Cats rule the Internet. And for many people, they rule the home, too. But if you’re a vegan or vegetarian, or just trying to cut down on your meat intake in general, it can be a challenge feeding these little carnivores.
Like our food system, the pet food system is equally problematic. It’s an industry built on low costs and high profits, which, in the case of animal ingredients, means the health and welfare of an animal typically comes last. But, fortunately, not all pet food companies are the same, either. Here’s what you need to know to be the most ethical cat companion.
5 Cat Food Considerations for the Vegans Who Love (and Feed) Them
1. What do cats eat?
The first step is accepting that they are carnivores. Unlike dogs, who can survive (and thrive) on a plant-based diet, cats simply won’t thrive without meat. It’s not a choice; it’s survival. Just look at them — they’re built for hunting as evident in their sharp claws, teeth, and short digestive systems. And if you’re a vegan who can’t get enough rescue cuteness in your life, you do need to accept that there will be meat in your future.
2. The best cat food is size appropriate
Stick with feeding your cat animals they could (likely) kill on their own: No, there’s no mouse, cockroach, or mole food for cats (yet), but could your cat kill a cow? Hardly. So don’t feed her beef. Feed your cat animals that would be better aligned for her size: chicken, fish, maybe even rabbit. Not only is this better for your cat’s digestive system, but it also helps steer away from the largest methane-producing livestock: cows, sheep, and pigs.
3. Opt for grain-free pet food
This isn’t a diet advised for humans (Paleo is on the downswing because it’s so unfit for humans), but for cats it’s pretty much the golden rule. They’re not meant to eat doughnuts. According to PetMD, while some cats can tolerate grains, many will experience fur loss, itchy skin, sores, scabs, and hot spots, as well as digestive issues. If you’re currently feeding your feline a grain diet with no issues, then keep it up. If conditions like this keep cropping up, your vet may recommend cutting out the grain for a period to see if the conditions clear up.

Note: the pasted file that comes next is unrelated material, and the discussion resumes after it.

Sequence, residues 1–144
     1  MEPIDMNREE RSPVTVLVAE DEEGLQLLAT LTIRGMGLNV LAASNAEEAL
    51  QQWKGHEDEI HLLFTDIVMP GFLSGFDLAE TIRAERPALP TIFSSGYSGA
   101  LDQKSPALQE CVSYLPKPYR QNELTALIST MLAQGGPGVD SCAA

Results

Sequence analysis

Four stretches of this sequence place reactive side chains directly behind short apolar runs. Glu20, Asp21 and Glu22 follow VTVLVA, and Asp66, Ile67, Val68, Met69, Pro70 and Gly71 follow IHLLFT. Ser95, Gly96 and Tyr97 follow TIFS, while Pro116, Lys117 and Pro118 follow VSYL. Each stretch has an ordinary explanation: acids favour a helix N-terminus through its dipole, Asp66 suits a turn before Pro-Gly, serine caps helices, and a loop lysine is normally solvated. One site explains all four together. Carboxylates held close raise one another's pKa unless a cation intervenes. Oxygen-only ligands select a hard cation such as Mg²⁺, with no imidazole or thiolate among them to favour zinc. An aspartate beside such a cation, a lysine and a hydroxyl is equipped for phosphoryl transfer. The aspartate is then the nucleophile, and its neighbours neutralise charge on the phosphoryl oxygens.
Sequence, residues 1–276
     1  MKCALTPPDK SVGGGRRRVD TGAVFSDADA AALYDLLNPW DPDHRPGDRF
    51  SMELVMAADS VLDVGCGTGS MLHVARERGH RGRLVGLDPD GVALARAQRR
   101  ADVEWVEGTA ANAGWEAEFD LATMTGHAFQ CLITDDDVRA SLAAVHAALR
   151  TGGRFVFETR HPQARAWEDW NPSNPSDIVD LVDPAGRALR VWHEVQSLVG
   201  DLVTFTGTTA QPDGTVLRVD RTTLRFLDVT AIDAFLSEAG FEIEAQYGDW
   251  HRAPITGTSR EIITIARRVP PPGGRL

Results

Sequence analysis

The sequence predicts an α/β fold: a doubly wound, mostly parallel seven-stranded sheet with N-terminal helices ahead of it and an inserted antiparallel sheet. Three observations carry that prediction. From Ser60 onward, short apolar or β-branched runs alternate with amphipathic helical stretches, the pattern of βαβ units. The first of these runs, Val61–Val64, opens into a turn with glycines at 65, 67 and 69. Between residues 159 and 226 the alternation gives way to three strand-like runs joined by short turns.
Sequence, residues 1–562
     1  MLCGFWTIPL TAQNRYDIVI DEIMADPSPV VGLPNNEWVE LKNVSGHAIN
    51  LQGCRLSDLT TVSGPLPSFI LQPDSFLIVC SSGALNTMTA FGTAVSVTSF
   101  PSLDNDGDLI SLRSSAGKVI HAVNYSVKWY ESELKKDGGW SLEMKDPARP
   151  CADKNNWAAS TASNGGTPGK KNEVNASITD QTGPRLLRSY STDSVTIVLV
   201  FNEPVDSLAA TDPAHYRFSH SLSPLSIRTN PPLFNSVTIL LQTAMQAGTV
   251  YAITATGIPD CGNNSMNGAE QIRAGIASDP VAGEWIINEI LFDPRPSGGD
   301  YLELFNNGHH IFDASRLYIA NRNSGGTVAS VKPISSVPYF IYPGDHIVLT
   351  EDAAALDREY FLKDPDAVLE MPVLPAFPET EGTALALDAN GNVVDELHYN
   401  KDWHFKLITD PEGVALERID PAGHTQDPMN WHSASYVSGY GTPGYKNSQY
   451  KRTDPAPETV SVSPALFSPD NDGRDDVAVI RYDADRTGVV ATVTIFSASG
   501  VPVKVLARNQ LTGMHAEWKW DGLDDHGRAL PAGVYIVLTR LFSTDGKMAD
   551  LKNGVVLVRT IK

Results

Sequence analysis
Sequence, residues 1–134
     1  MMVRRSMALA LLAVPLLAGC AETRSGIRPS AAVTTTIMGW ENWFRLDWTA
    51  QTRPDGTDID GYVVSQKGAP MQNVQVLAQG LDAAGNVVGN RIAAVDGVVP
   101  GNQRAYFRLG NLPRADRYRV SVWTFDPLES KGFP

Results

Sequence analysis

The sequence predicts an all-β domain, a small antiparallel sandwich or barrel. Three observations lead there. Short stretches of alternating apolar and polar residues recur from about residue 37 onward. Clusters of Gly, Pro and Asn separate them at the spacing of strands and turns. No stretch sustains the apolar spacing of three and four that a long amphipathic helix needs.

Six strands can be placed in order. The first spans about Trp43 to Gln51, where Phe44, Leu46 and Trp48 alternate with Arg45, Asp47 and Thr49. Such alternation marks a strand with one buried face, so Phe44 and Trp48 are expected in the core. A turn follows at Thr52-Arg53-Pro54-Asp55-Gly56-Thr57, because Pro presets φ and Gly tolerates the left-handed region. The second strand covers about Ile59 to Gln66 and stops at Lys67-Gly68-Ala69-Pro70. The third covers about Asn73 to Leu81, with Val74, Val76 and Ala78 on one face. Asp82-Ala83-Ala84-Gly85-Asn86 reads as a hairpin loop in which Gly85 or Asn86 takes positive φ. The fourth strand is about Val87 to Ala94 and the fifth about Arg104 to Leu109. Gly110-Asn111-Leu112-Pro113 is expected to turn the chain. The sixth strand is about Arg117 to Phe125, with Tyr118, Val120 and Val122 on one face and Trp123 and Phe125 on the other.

4. Invest in good cat food
All brands are going to tell you that their cat food is the best. But it’s easy to do the research and find those with short ingredients list and commitments to whole foods. Some may even discuss their sources (where the animals used in your cat food come from). Don’t be afraid to press companies for more info. And definitely don’t take feeding into your own hands unless discussed with your cat’s vet. Cats need a balanced diet and simply sourcing your own free-range organic chicken meat isn’t enough. You could actually be setting your furry friend up for some serious deficiencies and health problems if you do that. Go with an age-appropriate cat food that’s higher in quality ingredients. And, yes, this is more expensive than the commercial stuff, but think of it this way — what you spend now on healthy food saves you from expensive vet bills later (and will probably add years to your kitty’s life). Here’s a fab list to get you started.
5. Find ways to offset the animal sacrifice
It’s tough peeling open those cans of meat (and then wondering how someone so darn cute can eat something so darn gross). But look at it this way: if you’ve rescued an animal (thanks!), you’re helping to deal with our massive cat overpopulation issue (there are an estimated 50 million feral cats just in the U.S.). Since humans have perpetuated this problem, it’s our responsibility to care for the victims of the system, too. So, if sacrificing chickens or fish for your felines is disheartening, look at ways to volunteer your time to help organizations or sanctuaries committed to helping the animals in the food system, too. And you can definitely help by keeping animals off your plate and choosing a plant-based vegan diet.